Thursday, February 23, 2017

Water Water Everywhere...but not a drop to drink

The rainy winter the west coast is experiencing has many in California already thinking about picking up their time honored tradition of watering their driveways, while their sprinkler systems feed their patch of Kentucky Bluegrass. While tempting to do, I would strongly urge us to use the current change in California’s weather fortune as an opportunity for a little self-reflection.

Where to begin? First, no one can see the future, so maybe the drought that has plagued California for the past 5 years is ending in the most biblical of ways, or maybe this is just a blip on the radar. With 10-20 year droughts having been recorded throughout California’s history, our most recent dance with prolonged high pressure is a proverbial drop in the bucket. Then you add in the fact that during that brief 5 year period, farmers pumped so much water out of the central valley that the land subsided 1-2 feet in some places. But don’t worry; we don’t actually know how much water was pumped out of the ground because California doesn’t track that info, all we know is that our cup currently runneth over…so it’s best not to dwell on anything that might point to larger underlying issues with California’s water policies. Also, please overlook the arcane rules that govern water rights in the state, which has led, in part, to the over-pumping phenomenon that is contributing to the depletion of our natural aquifers. And as we marvel at overflowing reservoirs, we can see the gains that many advocates for smarter water policy had made, slipping away as we deal with the juxtaposition of going without, to having too much.

Remember when “brown was the new green?” As cities tried to market dead lawns as a show of solidarity with the broader effort to curb urban water consumption? Remember when there were cities in California whose wells ran dry and the state had to install massive cisterns so water could be trucked in? Remember when we realized that 102 million of our trees have died or are dying due to lack of water, when radio stations would publicly shame the most abhorrent water wasters? Remember when people cared about saving water because it was a precious resource? Yeah, me neither…because when the forecast calls for 10 Trillion…yes Trillion gallons of water to fall from the sky, why would you want to? Instead of conservation, people are worried about uninsured flood damage, loss of life, and infrastructure that's dissolving like cotton candy...and its hard to blame them.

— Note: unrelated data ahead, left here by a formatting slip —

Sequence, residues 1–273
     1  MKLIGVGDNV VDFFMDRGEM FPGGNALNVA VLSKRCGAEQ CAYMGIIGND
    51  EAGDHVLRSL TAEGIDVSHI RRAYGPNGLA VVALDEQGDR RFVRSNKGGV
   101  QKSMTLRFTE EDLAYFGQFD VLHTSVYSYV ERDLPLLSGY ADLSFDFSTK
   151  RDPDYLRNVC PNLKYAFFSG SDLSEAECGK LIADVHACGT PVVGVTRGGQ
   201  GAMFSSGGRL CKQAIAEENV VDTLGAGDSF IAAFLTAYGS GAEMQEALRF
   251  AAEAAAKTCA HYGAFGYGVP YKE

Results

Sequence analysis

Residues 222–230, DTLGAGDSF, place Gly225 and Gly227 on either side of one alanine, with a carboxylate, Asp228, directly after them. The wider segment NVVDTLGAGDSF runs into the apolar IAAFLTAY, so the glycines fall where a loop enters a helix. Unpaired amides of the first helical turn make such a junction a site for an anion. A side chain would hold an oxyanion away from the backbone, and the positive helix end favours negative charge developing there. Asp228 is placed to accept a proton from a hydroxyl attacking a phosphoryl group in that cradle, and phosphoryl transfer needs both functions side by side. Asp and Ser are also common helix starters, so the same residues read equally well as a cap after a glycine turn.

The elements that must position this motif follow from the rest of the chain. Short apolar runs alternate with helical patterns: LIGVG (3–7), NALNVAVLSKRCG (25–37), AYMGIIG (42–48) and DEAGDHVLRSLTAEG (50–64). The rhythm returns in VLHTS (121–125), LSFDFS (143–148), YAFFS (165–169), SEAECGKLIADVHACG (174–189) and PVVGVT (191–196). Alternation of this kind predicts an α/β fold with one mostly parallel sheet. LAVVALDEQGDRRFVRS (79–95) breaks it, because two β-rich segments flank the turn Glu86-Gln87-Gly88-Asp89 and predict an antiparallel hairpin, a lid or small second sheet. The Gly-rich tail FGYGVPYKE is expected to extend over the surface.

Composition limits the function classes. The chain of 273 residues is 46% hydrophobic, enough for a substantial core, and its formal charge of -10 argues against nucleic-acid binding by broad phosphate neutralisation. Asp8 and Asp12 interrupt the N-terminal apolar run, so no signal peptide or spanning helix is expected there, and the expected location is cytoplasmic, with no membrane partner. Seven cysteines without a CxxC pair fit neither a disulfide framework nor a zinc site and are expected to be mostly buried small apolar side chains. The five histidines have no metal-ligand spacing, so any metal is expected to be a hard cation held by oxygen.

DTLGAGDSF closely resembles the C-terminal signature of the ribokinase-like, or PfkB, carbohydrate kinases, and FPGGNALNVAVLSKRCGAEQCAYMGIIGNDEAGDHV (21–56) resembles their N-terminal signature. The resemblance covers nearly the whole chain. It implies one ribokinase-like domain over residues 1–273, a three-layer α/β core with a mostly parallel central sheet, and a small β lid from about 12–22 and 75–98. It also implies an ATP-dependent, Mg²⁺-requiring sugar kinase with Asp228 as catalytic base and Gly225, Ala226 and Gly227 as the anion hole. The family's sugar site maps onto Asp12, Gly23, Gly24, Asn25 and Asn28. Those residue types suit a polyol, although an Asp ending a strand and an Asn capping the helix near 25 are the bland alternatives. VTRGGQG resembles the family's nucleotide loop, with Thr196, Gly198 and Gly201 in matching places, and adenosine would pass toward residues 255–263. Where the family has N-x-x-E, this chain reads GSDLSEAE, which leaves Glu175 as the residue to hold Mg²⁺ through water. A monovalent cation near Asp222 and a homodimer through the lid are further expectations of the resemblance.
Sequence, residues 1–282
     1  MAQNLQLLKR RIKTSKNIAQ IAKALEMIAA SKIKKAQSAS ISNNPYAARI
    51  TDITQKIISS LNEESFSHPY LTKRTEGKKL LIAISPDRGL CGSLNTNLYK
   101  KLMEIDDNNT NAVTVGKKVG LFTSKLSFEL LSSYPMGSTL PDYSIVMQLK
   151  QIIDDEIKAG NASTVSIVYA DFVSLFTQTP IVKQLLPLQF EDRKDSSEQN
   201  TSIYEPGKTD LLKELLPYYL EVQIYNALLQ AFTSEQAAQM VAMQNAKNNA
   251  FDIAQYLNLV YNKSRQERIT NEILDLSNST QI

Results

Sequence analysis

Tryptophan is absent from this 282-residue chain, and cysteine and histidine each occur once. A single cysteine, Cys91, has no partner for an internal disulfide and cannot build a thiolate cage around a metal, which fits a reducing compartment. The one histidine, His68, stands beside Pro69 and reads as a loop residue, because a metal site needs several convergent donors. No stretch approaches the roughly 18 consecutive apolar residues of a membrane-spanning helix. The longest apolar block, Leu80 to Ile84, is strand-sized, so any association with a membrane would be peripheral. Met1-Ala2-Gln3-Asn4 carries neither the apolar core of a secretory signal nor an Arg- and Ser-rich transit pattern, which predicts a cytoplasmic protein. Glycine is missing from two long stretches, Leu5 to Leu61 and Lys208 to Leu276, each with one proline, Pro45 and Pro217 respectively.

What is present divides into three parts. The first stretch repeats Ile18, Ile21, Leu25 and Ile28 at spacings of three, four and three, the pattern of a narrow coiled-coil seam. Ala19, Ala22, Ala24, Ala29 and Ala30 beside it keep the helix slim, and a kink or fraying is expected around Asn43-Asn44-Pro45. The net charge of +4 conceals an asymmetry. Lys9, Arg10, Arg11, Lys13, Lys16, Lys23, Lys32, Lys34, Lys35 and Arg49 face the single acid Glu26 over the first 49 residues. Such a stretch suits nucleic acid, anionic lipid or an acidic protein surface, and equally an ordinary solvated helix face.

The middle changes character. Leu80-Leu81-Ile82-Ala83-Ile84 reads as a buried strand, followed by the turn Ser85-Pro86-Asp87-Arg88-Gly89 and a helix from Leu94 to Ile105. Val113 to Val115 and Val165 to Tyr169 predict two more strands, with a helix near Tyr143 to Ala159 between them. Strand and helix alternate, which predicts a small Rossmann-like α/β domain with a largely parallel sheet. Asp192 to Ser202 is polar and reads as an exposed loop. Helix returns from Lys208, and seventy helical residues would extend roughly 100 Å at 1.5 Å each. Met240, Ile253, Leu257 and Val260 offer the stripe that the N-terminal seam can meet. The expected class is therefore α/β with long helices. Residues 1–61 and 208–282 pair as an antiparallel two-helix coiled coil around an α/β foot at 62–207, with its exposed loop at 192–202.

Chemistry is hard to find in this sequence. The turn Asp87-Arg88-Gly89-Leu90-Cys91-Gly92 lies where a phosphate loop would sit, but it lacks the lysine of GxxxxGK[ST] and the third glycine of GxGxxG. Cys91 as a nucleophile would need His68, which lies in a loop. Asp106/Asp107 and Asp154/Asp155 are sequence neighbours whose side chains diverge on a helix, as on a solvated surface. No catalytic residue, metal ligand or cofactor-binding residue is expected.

So what now? In the short-term it would appear that we are at an inflection point—the abundance of what was once scarce has brought to light many problems, most urgently problems associated with our infrastructure that need attention…more than attention, they need sizable investment to address the deferred maintenance issues that plague bridges, dams, and levees nearing or past their designed lifespans. As evidence, California is faced with trying to find 66 Billion dollars to address the outstanding needs that have accumulated across its 1400 dams, 13,000 miles of levees, 25,318 bridges, and more than 50,000 miles of roads. And what’s sad and oddly prophetic is that as we witness what appears to be the catastrophic end to the most recent drought, the current situation highlights the missed opportunities and ignored pleas for funding infrastructure projects in the preceding decades that would have mitigated some of the crises we're currently dealing with. 

Which brings me back to water…

Water is something we take for granted because we’ve always had it and then for a few cities in California…they didn’t. One day, they turned on their faucets and nothing but groaning pipes trying to dry-heave the last remnants of liquid occurred, and this is the fate for many more communities around the state and nation if don't act now.

I would like to suggest, now that we're in a more comfortable place with the amount of water we have, that we use this time to continue the dialogue that was started under more dire circumstances. We need to talk about water:
  • ·        How we use it
  • ·        Who gets to use it and how much it should cost
  • ·        Aquifer management and tracking water extraction
  • ·        Water rights and agricultural and urban usage
  •       Aging Water Infrastructure impacts on Public Health
  • ·        Storm water capture and ideas to help keep what we receive naturally
  •       Building water resilience in the face of natural or man-made crises

You know, continue the tough conversations that were started, but this time do it without the pressure of staring down the barrel of a gun.

Finding water issues that need attention isn't the problem, convincing people that now is the time right time to talk about them is. Using the uncertainty that many communities across California faced not even one year ago should be all the prompting needed to continue the dialogue that was started, but I fear that the 'what doesn't kill us, makes us stronger' mindset will sideline those discussions leaving us ever more vulnerable the next time we get parched.